And Tomorrow the Entire World takes us through an ideology that was once very deeply rooted in German history but now seems to have lost much of its legacy in the post cold war era. The Antifa movement gained popularity in the 1900s and provided resistance to the Nazi Regime. This film takes us through the lives of individuals who are a part of such organizations that fight fascism in contemporary times. The film has been directed and written by Julia Von Heinz and has been co-written by John Quester.
‘And Tomorrow the Entire World’ Summary
Luisa (Mala Emde) is a law student and wants to be actively involved in the Antifa movement happening in the country. Her friend, Batte (Luisa Celine Gaffron), introduces her to this commune where she is volunteering. Luisa knows her ideological inclinations but she is still figuring a way out to execute them. At her first protest, she is strangled and choked by a police officer. This very instance gives her nightmares for many days. Also, this was the first time; she met Alfa (Noah Saavedra), a charming colleague from the organization. She developed a liking towards him. Together they start challenging the very core of what Antifa stood for. They are the only ones who believe that they should resort to nonviolence in certain situations which demand it. The narrative explores the whole movement through the perspective of these neo-revolutionaries and their not-so-perfect traits.
The Convoluted Socialists
Julia Von Heinz creates very real and authentic characters. These people are not idealistic in any manner whatsoever. You question the intent of Alfa at times. At times you feel that he is not a really staunch believer in the ideologies that he propagates. You feel that sometimes he does it for the sole purpose of getting attention. He lives in the skin of Che Guevara but the difference is that he has the option to shed it off as and when he wants.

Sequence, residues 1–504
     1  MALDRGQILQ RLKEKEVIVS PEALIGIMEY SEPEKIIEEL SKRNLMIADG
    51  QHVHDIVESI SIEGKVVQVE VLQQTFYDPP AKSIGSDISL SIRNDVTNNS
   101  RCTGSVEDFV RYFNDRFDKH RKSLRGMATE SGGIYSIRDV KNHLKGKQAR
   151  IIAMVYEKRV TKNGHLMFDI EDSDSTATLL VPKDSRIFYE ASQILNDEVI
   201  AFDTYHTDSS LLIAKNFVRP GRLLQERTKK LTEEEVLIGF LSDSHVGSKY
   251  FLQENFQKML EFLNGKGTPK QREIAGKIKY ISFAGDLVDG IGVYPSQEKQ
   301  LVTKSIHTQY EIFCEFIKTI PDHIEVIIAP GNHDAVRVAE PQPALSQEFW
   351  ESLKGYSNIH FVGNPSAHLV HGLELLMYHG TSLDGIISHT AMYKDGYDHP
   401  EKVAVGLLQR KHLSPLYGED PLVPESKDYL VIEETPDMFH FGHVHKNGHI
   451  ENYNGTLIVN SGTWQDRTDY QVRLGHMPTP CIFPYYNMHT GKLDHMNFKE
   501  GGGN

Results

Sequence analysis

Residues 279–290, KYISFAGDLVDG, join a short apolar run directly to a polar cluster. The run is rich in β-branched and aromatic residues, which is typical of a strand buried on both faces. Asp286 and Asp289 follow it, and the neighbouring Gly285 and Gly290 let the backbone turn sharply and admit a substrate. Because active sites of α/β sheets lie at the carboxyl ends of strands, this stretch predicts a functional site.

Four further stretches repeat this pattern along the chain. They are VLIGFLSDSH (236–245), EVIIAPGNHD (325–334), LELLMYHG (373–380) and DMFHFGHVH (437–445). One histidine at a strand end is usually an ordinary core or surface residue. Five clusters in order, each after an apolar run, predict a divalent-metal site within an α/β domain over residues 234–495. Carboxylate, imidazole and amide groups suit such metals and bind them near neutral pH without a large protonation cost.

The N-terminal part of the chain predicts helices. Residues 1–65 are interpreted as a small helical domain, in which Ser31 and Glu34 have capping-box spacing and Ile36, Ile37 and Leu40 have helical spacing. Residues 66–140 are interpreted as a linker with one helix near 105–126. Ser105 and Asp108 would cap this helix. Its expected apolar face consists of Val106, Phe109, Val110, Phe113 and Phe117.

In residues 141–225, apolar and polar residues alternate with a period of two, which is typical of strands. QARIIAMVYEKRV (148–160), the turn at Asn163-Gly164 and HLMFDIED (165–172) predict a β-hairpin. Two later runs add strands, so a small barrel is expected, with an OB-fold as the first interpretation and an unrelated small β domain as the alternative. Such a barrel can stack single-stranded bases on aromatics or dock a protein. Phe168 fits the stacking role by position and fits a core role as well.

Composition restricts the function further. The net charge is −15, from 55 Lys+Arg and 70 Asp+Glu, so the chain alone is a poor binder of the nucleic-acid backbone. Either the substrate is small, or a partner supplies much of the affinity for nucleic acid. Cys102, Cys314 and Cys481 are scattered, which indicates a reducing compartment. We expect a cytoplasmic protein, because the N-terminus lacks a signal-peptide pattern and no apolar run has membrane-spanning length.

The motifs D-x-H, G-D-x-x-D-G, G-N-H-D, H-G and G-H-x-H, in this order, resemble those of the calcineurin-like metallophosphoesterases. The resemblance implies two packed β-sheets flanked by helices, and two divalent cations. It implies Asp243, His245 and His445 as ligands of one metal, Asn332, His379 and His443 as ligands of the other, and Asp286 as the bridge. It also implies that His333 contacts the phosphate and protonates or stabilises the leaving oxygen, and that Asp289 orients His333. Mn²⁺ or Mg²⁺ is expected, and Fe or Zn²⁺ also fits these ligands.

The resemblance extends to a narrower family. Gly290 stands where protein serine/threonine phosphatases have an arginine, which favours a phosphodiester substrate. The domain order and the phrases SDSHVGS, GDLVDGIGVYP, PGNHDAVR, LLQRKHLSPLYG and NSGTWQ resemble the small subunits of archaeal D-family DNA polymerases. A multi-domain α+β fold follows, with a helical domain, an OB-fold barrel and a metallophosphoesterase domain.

Luisa on the other hand believes in socialist ways and means. Her parents are part of a shooting group but she is a vegan. Her father doesn’t really approve of her being part of this rebellion but he gives her space. He says “Those under 30 and not on the left have no heart and those over 30 and still on the left have no brain.” he has seen life. He speaks from experience.
And Tomorrow the Entire World also talks about the controversial Champagne Socialists and how they impact the whole movement. How their privilege might aid the system at times and how it also gives them an easy and permanent alternative, in case things don’t work out their way.
Through Andreas Lust as Dietmar, the director gives us a perspective from the other side of the tunnel too. He had been an active participant in the movement once. Now he just speculates things and weighs them on a different scale. Sometimes you just change with life. Maybe given an option he would again do them in the same manner. There was never a question about the rationality of the cause but you just start seeing things in a different manner with age. Dietmar is that silent guardian who understands everything but lets the young rebels unravel it for themselves and make their own deductions based on their own experiences.
What Julia Von Heinz has done remarkably is to create characters that are far from perfect. And Tomorrow the Entire World was supposed to be a period drama initially but then later she didn’t feel the need for it. The camera work done by Daniela Knapp just elevates the whole narrative and acts as the perfect transmitter for the written material taking a visual form.
Streaming on Netflix, And Tomorrow the Entire World is a must watch.
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